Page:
Former CEO and CFO of Hanover Corporation Indicted in $18 Million Ponzi Scheme
|U.S. Attorney’s Office November 05, 2009|
NASHVILLE, TN—United States Attorney Edward M. Yarbrough; My Harrison, Special Agent in Charge, Memphis Division, Federal Bureau of Investigation; Chris Pikelis, Special Agent in Charge, Nashville Field Office, Internal Revenue Service-Criminal Investigation; and Ronald Waller, Supervisory Postal Inspector, Atlanta Division-Nashville Domicile, United States Postal Inspection Service, announced today the indictment of Terry Kretz, the former Chief Executive Officer of Hanover Corporation, LLC (“Hanover”), and Robert Haley, the former Chief Financial Officer of Hanover, on charges stemming from an $18 million Ponzi scheme that they allegedly perpetrated from approximately January 2004 to August 2006. Kretz, 56, of Lebanon, Tennessee, and Haley, 50, of Gallatin, Tennessee, were both charged with one count of conspiracy, one count of securities fraud, one count of wire fraud, four counts of mail fraud, and seven counts of money laundering in an indictment returned by the grand jury on November 4, 2009. In addition, Kretz was also charged with one count of false statements to a bank.
According to the indictment, Hanover was an investment firm that purported to invest in stock options, real estate, equity shares of companies, and other securities, largely through it’s own in-house trading room. Clients who invested with Hanover generally did so through a promissory note. Under those notes, clients provided Hanover a set amount of funds (referred to in the notes as a “loan”), which Hanover employees could invest in any of several ways described in the note. In return, the clients were promised regular returns (referred to as “interest”) and, upon maturity of the note, their original investment back.
To induce clients to invest with Hanover, Kretz and Haley made various misrepresentations about the financial condition of Hanover and how client funds would be invested. For example, Kretz falsely represented to clients, orally or in promissory notes, that funds would be only invested in the ways described in the promissory-note agreements and that the funds were guaranteed. Kretz and Haley also attracted clients by grossly exaggerating the strength of Hanover’s financial condition and holdings, as well as the financial and operational status of the start-ups in which it was investing. In addition, Kretz and Haley falsely claimed to clients that Hanover’s trading room was making significant investment gains when, in reality, it had been generally unsuccessful, and most clients had lost money during this time period. Kretz and Haley also never told any clients that their funds would be used to pay clients who had invested before them or, conversely, that any returns they received would come from funds of clients who invested after them.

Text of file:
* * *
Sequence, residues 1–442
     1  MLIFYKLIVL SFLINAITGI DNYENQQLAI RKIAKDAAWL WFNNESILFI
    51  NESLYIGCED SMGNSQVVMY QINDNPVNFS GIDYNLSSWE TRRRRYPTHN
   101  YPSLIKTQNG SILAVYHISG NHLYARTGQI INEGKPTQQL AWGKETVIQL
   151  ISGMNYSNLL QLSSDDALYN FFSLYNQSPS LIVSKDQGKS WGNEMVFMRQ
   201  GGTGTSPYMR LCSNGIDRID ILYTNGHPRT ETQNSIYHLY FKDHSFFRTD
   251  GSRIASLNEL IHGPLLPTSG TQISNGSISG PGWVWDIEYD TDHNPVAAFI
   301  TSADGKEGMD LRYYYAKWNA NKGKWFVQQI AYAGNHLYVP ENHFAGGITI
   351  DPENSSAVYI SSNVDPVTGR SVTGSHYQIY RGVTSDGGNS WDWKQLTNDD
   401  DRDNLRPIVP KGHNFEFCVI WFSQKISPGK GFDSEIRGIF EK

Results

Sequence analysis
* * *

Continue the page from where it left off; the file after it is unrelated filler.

According to the indictment, contrary to their promises and without any clients’ knowledge, Kretz and Haley did in fact use most of the client funds to make periodic “interest” payments (or to pay back the principal) on other clients’ investments. Kretz and Haley also used part of the client funds for their own personal benefit to pay their salaries, to purchase real estate, and for other purposes. By sending earlier clients the expected “interest” payments (payments that were really just funds received from new investors) Kretz and Haley preserved the illusion of success, thereby inducing new clients to invest and preventing existing clients from demanding return of their money, until the scheme ultimately collapsed. The proceeds of the overall scheme are alleged to exceed $18 million.
United States Attorney Ed Yarbrough commented: “The lengthy scheme perpetrated by these defendants had a devastating effect on victims in Middle Tennessee and elsewhere. While multi-million-dollar investment frauds like this one have, unfortunately, become all too common, the United States Attorney’s Office and its law-enforcement partners will continue to investigate those who perpetrate such scams and bring them to justice. The United States Attorney’s Office thanks the many law-enforcement agencies involved in this case for their hard work on this lengthy and complex investigation.”
The case was investigated by agents with the Federal Bureau of Investigation, the Internal Revenue Service-Criminal Investigation, and the United States Postal Inspection Service. The United States is represented by Assistant U.S. Attorney Ty Howard.
The public is reminded that an indictment is merely an accusation and is not evidence of guilt. All defendants are presumed innocent unless and until proven guilty in a court of law.